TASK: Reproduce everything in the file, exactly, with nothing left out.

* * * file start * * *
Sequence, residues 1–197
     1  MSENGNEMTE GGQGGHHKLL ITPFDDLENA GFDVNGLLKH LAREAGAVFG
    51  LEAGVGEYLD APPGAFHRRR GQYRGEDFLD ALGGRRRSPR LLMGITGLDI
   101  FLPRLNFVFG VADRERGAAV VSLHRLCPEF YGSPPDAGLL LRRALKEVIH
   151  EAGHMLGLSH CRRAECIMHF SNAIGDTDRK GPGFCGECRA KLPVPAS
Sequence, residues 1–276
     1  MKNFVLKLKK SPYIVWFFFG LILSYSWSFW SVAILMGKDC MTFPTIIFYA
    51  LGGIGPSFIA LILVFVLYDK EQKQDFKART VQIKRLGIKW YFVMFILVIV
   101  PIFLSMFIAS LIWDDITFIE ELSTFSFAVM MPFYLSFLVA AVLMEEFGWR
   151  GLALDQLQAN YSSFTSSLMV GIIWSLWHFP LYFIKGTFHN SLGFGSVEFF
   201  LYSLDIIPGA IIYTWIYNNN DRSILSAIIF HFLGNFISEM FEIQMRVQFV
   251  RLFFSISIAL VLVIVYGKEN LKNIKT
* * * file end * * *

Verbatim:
Sequence, residues 1–197
     1  MSENGNEMTE GGQGGHHKLL ITPFDDLENA GFDVNGLLKH LAREAGAVFG
    51  LEAGVGEYLD APPGAFHRRR GQYRGEDFLD ALGGRRRSPR LLMGITGLDI
   101  FLPRLNFVFG VADRERGAAV VSLHRLCPEF YGSPPDAGLL LRRALKEVIH
   151  EAGHMLGLSH CRRAECIMHF SNAIGDTDRK GPGFCGECRA KLPVPAS
Sequence, residues 1–276
     1  MKNFVLKLKK SPYIVWFFFG LILSYSWSFW SVAILMGKDC MTFPTIIFYA
    51  LGGIGPSFIA LILVFVLYDK EQKQDFKART VQIKRLGIKW YFVMFILVIV
   101  PIFLSMFIAS LIWDDITFIE ELSTFSFAVM MPFYLSFLVA AVLMEEFGWR
   151  GLALDQLQAN YSSFTSSLMV GIIWSLWHFP LYFIKGTFHN SLGFGSVEFF
   201  LYSLDIIPGA IIYTWIYNNN DRSILSAIIF HFLGNFISEM FEIQMRVQFV
   251  RLFFSISIAL VLVIVYGKEN LKNIKT